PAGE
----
Spring Greens Sauerkraut emerged as a celebration of the warming weather and friendship. If you have a chance to visit us at farmers’ markets, you may have met Elisabeth, my amazing production manager, “life facilitator,” and long time friend. Ever the multitasker, she’s pictured in her ramp stash with her cat on catching a ride on her shoulders. We met as homeschooling parents long ago and have been fast friends ever since. Elisabeth gave me my first lesson in ramps, or Vermont’s famous wild leeks/onions/garlic, generously sharing her ramps stash with me and teaching me how to responsibly gather them. See the More Kraut Info about safely and sustainably gathering wild edibles if you are interested.
Then, one day Elisabeth mentioned she was out hunting for nettles…. Ramps, nettles, dandelions are all in abundance in the early Vermont spring, so whoosh! Test batches, ingredient adjustments, and printed labels later—boom! Spring Greens Sauerkraut and the start of our Seasonal Greens Series. Enjoy its mild, nourishing, wild Vermont flavors while you can.
Servings in a pint jar: 15,
Servings in a quart jar: 31,
Servings in a half-gallon jar: 67,
Serving Size: 2 Tbsp (29g),
Amount Per Serving: Calories 10, Total Fat 0g (0% DV), Saturated Fat 0g (0% DV), Trans Fat 0g, Cholesterol 0mg (0% DV), Sodium 180mg (8% DV), Total Carbohydrates 2g (1% DV), Protein 0g.
As as business that occasionally uses Vermont’s amazing wild edibles, I feel it is important to mention how we, and by extension, how you could, sustainably gather the wild foods we put in our sauerkrauts.
Everything has a limit, right? We see more and more how our human wishes, which some might call needs, are depleting the planet of its abundant resources, most of which we humans had nothing to do with their creation, propagation, and beauty. It is in these resources’ utility to us that we start mucking about with their existence, and sometimes through need, and yes probably greed, we wreck the very item we cherished. I pray we can reel ourselves in before we wreck this planet that we cherish.
So, little things, yes? We can’t dictate the choices of our beloved (or not so beloved) political representatives, but we can adjust our choices toward living more in harmony with the balance of humanity and the natural world. It all adds up. From the small things like remembering our reusable bags when we shop to the bigger things of what we drive or how we heat our homes, our choices synthesize with everyone else’s and we get to where we are. Here’s hoping that my own choices will lean more toward regeneration and less toward depletion in the time I have left.
Alas, gathering ramps! They are a hardy bunch and can flourish in the right environment, so hooray for you if you have one of these marvelous stashes in your neighborhood. If you are an experienced ramp gatherer, I’d say the least impactful method of gathering them is to simply clip them at ground level, enjoying a bit of the stalk and wonderful leaves. That’s what we do in our work, and leaving the bulb to multiply and grow for another season still gives us plenty of that wonderful wild onion flavor in our ferments.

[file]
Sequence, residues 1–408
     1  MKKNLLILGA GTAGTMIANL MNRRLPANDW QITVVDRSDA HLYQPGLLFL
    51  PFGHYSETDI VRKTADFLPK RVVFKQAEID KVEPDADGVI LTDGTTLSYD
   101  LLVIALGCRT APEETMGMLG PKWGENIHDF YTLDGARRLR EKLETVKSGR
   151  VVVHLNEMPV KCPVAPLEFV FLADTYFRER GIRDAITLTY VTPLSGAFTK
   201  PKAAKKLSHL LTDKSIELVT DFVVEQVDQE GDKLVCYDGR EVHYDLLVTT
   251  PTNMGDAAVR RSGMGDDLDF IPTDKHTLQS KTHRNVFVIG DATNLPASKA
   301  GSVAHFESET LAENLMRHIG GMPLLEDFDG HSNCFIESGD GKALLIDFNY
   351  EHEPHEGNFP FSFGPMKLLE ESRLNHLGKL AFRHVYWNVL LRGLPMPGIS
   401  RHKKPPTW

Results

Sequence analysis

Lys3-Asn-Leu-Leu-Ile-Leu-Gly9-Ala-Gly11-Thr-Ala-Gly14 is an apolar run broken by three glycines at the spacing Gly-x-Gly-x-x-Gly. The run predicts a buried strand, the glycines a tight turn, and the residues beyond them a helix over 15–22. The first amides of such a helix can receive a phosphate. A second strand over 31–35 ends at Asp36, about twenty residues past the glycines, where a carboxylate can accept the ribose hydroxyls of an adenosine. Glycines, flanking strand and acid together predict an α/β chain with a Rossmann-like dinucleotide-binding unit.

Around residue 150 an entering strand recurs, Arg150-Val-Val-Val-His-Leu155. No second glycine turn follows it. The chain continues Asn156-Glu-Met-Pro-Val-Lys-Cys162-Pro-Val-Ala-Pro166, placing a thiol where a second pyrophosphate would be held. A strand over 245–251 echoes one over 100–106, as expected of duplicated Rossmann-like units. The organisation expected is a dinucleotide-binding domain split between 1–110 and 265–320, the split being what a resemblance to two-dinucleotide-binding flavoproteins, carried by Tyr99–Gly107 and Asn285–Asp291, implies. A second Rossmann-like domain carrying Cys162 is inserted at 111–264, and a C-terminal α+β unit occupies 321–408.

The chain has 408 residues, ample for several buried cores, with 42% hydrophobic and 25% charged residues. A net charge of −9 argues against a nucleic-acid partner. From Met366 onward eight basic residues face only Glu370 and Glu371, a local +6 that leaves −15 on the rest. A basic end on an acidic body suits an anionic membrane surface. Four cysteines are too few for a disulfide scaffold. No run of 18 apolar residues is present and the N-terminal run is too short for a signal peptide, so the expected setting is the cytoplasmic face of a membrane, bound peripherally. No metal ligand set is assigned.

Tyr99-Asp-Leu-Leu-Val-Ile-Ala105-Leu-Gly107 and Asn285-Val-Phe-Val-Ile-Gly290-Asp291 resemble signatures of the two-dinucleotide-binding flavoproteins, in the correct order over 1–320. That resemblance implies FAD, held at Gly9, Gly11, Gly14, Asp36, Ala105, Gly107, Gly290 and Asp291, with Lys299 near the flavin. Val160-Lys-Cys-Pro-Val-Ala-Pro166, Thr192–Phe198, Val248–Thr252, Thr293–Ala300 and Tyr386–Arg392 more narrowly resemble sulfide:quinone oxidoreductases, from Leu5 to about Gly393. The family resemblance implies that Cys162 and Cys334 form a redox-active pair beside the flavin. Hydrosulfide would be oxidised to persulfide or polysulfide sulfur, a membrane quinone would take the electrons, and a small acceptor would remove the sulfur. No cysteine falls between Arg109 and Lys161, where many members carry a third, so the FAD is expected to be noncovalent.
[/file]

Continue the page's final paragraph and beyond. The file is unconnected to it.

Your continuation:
If you are new to gathering ramps, I have two ideas: 1) gather ramps a few times with an experienced friend. There are plenty of look alikes that grow during or just following ramp season, and some of these are toxic. Every spring, folks get sick in Vermont from eating what they thought were ramps, so please don’t join this list of unfortunate people. No matter how wonderful you think they are, they are not worth getting seriously ill—or worse—over. 2) Once you have a strong sense of what they look like—leaf number, shape and color, habitat, various changes during growth, plant smell, stalk colors, root shape, growth patterns, etc— persist in sustainably digging them for a season or two. In this way, you’ll see the whole plant you are planning to eat, and the root and bulb are an important part of its identification. But how do you sustainably dig up a ramp, which effectively kills the plant? You do it gently. Ramps at their best will carpet their woodland habitat, and you can judiciously dig them without interfering with their regeneration. Dig a clump, maybe 4-8 bulbs, in one location, and then wander to another spot and dig another clump. Imagine yourself to be “thinning the ramps” as we’d thin our beets or carrots when they emerge in the early summer. Think of your sustainably ramp gathering outing as one part digging to one part wandering. Or better yet, give yourself some time and wander much more than you dig. It is a wonderful way to spend a spring afternoon, for sure.
After one or two seasons of safely and sustainably digging your ramps, leave your shovel at home and head out with some scissors. Clip the ramps off just above the ground and revel in how smart you are. By this point in your ramp loving career, you’ll know that gathering ramps takes at least as long as cleaning ramps that have been dug. The ones we cut and carry bring us as much pleasure and deliciousness with a fraction of the prep time once we’re home.